Democrats Maintain Edge as Party ‘More Concerned’ for Latinos, but Views Similar to 2012
75% have discussed Trump’s comments about Hispanics in the past year
After more than a year of Republican presidential candidate Donald Trump making provocative comments about Mexican and Muslim immigrants and Hispanics in general, a new Pew Research Center survey of Hispanics finds their overall attitudes about the Republican and Democratic parties – and levels of political engagement – are not much different than they were four years ago.
About half of Latino registered voters (54%) continue to say the Democratic Party is more concerned for Latinos than the Republican Party; just 11% say the GOP has greater concern, while 28% say there is no difference between the parties. Democrats held a similar advantage four years ago, when by 61% to 10%, more Latino voters viewed Democrats as more concerned about Latinos.
Trump’s campaign comments about Hispanics have resonated widely. Fully 75% of Hispanic registered voters say they have discussed the Republican candidate’s comments about Hispanics or other groups with family, friends or coworkers in the past year. And among Hispanic registered voters who have discussed Trump’s comments, 74% say they have given “quite a lot” of thought to the presidential election and 74% say they are “absolutely certain” they will vote.
The annual Pew Research Center National Survey of Latinos, conducted from Aug. 23 through Sept. 21, among 1,507 Latino adults, including 804 registered voters, finds that Trump trails by a sizable margin in the presidential race. About six-in-ten Latino registered voters (58%) favor Clinton, while just 19% support Trump; 10% favor Libertarian Gary Johnson while 6% back Jill Stein, the Green Party nominee.
In 2012, in a two-way contest between Barack Obama and Mitt Romney, Obama won 71% of the Latino vote, while just 27% supported Romney, according to national exit polls. That was one of the largest Democratic advantages among Latinos dating back more than two decades, according to a post-election analysis of the Hispanic vote.
Notably, Clinton’s support is lagging among Hispanic Millennials (those ages 18 to 35 in 2016), who will make up nearly half of the record 27.3 million Latinos estimated to be eligible to vote in 2016. Among Hispanic Millennials, 48% support Clinton, while 15% back Trump; about as many favor Johnson or Stein (13% each) and 11% chose another candidate or offered no opinion. Among all older Latino voters (ages 36 and older), Clinton has 66% support, Trump 21% while just 7% back Johnson and 1% support Stein.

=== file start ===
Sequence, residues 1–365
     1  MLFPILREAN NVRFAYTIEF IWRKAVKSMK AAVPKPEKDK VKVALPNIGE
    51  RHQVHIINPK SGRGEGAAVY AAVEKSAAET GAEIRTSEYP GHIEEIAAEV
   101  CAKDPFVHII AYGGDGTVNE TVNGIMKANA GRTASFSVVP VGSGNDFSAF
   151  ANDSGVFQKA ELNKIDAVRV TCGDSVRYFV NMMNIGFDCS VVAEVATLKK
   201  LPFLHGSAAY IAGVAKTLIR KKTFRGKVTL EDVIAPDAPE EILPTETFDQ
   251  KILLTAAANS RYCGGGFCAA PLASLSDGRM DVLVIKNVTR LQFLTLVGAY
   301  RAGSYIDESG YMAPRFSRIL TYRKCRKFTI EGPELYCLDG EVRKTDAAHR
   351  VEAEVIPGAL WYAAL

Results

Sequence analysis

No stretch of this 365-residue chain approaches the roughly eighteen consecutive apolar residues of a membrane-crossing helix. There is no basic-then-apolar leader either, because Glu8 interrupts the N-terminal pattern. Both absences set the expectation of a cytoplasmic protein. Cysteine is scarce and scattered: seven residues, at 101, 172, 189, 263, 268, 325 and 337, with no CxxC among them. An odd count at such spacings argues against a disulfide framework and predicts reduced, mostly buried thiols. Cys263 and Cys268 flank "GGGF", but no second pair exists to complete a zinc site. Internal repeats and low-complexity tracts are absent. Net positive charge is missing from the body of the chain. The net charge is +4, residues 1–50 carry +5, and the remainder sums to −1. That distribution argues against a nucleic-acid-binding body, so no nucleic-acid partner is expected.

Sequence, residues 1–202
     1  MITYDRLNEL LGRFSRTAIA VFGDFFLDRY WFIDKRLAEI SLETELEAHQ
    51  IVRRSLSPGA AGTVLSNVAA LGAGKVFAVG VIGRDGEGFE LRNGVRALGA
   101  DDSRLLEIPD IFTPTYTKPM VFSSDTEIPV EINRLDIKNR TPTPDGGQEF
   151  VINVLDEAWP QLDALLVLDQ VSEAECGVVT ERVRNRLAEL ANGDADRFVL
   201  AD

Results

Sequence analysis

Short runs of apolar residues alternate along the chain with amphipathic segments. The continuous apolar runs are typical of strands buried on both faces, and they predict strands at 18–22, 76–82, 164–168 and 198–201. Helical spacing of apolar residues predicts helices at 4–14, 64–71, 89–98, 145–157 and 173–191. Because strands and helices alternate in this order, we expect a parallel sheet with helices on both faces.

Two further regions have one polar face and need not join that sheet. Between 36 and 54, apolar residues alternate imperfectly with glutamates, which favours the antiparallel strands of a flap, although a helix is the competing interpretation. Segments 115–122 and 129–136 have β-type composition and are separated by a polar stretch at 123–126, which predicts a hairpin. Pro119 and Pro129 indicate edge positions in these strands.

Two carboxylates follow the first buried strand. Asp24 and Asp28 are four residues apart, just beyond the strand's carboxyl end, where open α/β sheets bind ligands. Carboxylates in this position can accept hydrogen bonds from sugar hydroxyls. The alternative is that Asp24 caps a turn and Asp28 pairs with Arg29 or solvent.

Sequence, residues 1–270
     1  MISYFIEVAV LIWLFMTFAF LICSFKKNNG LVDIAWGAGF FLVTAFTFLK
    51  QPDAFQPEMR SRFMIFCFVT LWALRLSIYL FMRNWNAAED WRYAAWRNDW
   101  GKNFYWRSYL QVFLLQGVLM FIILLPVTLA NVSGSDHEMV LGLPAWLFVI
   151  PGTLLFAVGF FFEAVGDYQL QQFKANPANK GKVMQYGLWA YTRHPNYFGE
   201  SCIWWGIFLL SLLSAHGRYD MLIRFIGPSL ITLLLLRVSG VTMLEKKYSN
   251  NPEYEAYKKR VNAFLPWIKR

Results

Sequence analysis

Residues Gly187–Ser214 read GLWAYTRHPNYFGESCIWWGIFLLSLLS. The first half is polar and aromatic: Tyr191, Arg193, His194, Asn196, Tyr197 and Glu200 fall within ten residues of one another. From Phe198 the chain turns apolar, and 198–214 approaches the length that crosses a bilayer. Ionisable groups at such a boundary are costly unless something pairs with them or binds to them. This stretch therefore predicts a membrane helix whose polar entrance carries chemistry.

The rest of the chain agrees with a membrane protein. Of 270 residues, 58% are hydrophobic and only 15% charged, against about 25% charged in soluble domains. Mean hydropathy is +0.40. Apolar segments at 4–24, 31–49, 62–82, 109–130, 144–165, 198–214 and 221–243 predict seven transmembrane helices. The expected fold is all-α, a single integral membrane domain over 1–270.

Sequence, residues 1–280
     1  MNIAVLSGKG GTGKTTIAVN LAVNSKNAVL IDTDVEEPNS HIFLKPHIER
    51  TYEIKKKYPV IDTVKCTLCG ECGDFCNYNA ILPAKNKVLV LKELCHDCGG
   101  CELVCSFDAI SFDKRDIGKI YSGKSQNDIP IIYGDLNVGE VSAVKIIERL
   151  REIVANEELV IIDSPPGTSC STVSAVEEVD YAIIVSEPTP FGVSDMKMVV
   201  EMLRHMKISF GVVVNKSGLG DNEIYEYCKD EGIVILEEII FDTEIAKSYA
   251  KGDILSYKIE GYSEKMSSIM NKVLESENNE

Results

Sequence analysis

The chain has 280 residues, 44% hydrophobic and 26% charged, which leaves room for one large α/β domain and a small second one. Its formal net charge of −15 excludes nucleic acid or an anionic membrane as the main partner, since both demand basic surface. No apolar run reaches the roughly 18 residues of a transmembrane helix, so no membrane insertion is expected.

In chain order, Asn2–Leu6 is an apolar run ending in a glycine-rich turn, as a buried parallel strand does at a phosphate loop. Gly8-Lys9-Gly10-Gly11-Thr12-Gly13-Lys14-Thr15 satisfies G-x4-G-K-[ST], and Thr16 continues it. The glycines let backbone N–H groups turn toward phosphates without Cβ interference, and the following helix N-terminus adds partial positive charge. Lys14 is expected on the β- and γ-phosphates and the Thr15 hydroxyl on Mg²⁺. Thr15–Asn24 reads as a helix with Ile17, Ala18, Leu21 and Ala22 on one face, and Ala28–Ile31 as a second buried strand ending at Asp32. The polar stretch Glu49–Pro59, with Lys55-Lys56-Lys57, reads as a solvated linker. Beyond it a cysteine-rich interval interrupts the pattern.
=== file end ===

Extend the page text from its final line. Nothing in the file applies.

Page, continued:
In addition, Clinton receives less-positive backing from Latino Millennials who support her than from older Latino voters. About two-thirds (64%) of Millennial Latinos who back Clinton describe their support as more a vote against Trump than a vote for Clinton. By contrast, 65% of older Clinton supporters say their support is more of a vote for her than a vote against Trump.
A similar generation gap in positive voting is seen among Clinton’s supporters more generally. In an August Pew Research Center survey of U.S. adults, most Millennial voters who supported Clinton (62%) said they saw their vote more as a vote against Trump rather than for Clinton. Meanwhile, most older Clinton supporters (57%) viewed their vote more as an expression of support for Clinton.
Mixed signals on voter engagement among Latinos in 2016 compared with 2012
With the number of Latinos eligible to vote reaching a record 27.3 million, Latinos could be more important than ever in the upcoming election. But a big question about the Latino vote is how many will turn out this year given that Latino voter turnout rates have long trailed those of other groups.
Historically, demographic growth has been a key factor in pushing the Hispanic vote to new highs in turnout and voter registration at least since the 1980s. For example, the number of Hispanic eligible voters is up about 4 million since 2012. As a result, the number of Hispanic registered voters and the number of Hispanic voters is likely to reach new records in 2016, just as it has in every previous presidential election cycle for the past three decades.
Overall, 69% of Latino registered voters say they are “absolutely certain” they will vote this November, down modestly from 77% who said the same in 2012. Among the sharpest declines – 13 percentage points – is among Millennial Latinos. This year, 62% say they are absolutely certain they will vote compared with 74% who said the same four years ago.1
Yet, even though a lower share of Latino registered voters say they are certain to vote than in 2012, engagement with the election is roughly similar. Two-thirds (67%) say they have given “quite a lot of thought” to it in 2016, while in 2012, 61% said the same.
Democrats retain wide advantage in Latino party identification
Democrats continue to hold a significant lead over Republicans in political party identification among Latino registered voters. About two-thirds (64%) of voters say they identify with or lean toward the Democratic Party while 24% say the same about the Republican Party.